The Bank’s Administration.—None but Austrian or Hungarian citizens may take part in the general meeting of shareholders; and they must hold as many as twenty shares per capita. Extraordinary sessions may be called by written request of forty shareholders, within a term of sixty days. Disqualified for attending the general sessions are persons deprived of the full rights of citizenship, those fallen in bankruptcy, or under any legal castigation. The presence of one hundred members constitutes a working quorum. No member may send a substitute in his place. The General Assembly elects the General Counsellors, eight of whom shall be direct members of the Assembly; and two, in each case, shall be selected from candidates proposed by the Superior Directors in Vienna and Buda-Pesth. The General Assembly, further, elects five auditors and deputies to consider statutory changes, and increase or decrease of capital stock. The General Counsellors include the governor, two deputy-governors, and twelve advisers. The governor, upon unanimous recommendation of the General Assembly, is appointed by the Emperor. The governor’s annual salary is 20,000 florins, paid out of the Bank’s resources; and he has the freedom of residence in the Bank building at Vienna. The board of General Counsellors, with the Bank governor as chairman, represents the Bank officially and extrajudicially, and controls all matters not specially vested in the General Assembly. In fine, the General Counsellors constitute the firm of the Austrian Bank. Signatures are valid if made by the governor, a deputy-governor, or a General Counsellor, and attested by the First Secretary or his deputy. Headquarters in Vienna and Buda-Pesth, from time to time, determine in what proportions the sums at their disposal for discounts and loans shall be distributed among the several banks; and set maximum limits for the credit that may be advanced to firms or individuals. Members of the administration in Vienna must be Austrian citizens, and those at Buda-Pesth Hungarian citizens. Each of the local administrations is presided over by one of the deputy-governors. The General Counsellors, recommended by the General Assembly, are also members of the Superior Administration; and these recommended counsellors need not exclusively be members of the General Edition: current; Page: [107] Assembly, but non-members are likewise eligible in so far as their individual means would qualify them to become members of the Assembly. The directors are not salaried. They meet once a week, as a rule, and on a day named by the presiding deputy-governor. The ultimate direction of all branches of business devolves upon the First Secretary, under supervision of the General Counsellors. The final appointment of officials and employees rests with the General Counsellors, who also decide in cases of dismissal. Bank officers are bound to observe secrecy in matters of business. Each Government appoints a commissioner and a deputy-commissioner as Government agents for dealing with the Bank and making sure that the Bank administration is obedient to the statutes.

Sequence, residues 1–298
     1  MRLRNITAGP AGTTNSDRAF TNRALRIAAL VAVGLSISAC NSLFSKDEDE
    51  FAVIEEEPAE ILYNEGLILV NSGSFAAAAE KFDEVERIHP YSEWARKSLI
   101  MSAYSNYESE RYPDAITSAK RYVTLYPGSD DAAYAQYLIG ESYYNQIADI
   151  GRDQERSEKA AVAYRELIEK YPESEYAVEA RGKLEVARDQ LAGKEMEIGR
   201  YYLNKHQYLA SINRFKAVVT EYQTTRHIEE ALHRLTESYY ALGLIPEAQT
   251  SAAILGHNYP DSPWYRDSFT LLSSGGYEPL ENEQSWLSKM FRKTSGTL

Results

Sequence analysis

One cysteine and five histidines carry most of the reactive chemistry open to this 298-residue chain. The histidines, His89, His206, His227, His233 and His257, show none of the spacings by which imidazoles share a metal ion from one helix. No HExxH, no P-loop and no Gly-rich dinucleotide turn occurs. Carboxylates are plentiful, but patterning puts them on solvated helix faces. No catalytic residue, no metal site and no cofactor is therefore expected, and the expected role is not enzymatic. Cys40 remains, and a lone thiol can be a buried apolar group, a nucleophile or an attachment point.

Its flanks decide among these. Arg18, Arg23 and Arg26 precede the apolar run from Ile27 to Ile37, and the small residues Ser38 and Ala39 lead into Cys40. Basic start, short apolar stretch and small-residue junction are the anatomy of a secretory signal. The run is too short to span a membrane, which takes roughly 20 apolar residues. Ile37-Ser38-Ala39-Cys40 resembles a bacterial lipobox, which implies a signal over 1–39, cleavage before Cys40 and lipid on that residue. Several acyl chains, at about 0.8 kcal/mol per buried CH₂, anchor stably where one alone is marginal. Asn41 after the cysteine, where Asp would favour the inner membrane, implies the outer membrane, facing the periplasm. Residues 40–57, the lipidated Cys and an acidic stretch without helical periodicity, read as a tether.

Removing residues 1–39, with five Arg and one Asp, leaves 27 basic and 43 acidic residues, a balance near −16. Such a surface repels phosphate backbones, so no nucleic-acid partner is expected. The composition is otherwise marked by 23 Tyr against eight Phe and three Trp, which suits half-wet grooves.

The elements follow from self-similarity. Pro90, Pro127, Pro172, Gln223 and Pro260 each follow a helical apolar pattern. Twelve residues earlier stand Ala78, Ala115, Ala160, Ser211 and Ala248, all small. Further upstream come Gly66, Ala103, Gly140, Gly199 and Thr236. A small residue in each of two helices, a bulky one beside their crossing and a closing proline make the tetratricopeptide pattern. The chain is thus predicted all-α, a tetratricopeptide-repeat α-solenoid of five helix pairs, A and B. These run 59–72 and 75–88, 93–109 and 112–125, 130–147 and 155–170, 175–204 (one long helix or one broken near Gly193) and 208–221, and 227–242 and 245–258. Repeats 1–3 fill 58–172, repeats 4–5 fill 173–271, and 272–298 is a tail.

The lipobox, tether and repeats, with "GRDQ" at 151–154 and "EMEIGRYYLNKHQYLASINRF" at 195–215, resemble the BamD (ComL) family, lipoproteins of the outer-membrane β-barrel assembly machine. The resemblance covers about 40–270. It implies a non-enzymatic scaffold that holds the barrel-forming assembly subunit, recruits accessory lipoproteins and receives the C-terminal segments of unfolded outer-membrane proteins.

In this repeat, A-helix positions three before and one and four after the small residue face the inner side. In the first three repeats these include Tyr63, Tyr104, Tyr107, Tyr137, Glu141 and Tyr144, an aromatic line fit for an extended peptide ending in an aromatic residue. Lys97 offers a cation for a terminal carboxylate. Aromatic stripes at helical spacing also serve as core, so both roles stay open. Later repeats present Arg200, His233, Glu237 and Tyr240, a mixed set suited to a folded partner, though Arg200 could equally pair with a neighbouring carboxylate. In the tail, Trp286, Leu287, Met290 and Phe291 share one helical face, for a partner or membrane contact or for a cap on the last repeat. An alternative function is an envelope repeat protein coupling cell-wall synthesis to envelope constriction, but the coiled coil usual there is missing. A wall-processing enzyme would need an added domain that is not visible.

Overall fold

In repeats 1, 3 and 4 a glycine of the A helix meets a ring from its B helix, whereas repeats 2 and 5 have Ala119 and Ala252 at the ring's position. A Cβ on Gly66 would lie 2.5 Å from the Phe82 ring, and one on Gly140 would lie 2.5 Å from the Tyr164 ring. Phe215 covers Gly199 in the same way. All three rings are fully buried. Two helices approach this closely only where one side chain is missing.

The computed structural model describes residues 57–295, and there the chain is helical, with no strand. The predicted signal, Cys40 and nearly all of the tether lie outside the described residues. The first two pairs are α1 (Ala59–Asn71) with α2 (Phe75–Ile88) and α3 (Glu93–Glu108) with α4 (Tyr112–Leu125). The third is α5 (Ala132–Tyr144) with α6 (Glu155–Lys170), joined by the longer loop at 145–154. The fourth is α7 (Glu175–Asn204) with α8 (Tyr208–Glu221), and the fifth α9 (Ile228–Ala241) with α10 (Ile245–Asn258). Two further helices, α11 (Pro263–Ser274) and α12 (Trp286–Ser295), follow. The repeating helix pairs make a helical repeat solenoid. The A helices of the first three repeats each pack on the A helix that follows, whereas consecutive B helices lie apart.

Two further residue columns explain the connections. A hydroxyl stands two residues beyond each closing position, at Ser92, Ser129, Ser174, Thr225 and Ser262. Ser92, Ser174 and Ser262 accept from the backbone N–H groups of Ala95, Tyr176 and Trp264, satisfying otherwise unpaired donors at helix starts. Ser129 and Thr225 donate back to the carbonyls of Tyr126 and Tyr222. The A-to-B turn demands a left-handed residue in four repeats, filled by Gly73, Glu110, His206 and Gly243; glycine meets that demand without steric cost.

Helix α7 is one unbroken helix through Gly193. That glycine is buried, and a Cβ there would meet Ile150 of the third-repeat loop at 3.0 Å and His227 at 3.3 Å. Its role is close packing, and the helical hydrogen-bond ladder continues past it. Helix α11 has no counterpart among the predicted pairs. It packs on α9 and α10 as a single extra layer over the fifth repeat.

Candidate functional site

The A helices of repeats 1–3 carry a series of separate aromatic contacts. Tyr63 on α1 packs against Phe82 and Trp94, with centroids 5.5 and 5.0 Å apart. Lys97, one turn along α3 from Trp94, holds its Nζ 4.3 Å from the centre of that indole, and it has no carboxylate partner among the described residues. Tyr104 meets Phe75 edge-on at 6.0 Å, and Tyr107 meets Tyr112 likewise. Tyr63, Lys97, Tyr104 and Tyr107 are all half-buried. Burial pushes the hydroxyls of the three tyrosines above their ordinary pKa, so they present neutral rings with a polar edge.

Business Regulations.—(a) The Austro-Hungarian Bank is empowered to discount bills, marketable effects, and coupons, or make further negotiation thereof; (b) to grant loans on collateral security; (c) to receive deposits for custody, and, to a certain degree, for management in behalf of the depositor; (d) to receive moneys under bond; and also (e) to receive moneys, bills, and marketable effects of short maturity in accounts current, or Bank accounts; (f) to issue money orders on all its bureaus; (g) to do business on commission; (h) to make payment on papers acceptable for security, and on their coupons when due; (i) to procure and also to sell gold and silver coin or bullion, and foreign bills of exchange; (k) to grant letters of mortgage conformably to the statutes of the department of mortgaged credit, now incorporated with the general Bank statutes; (l) to buy and convey the Bank’s own mortgage bonds.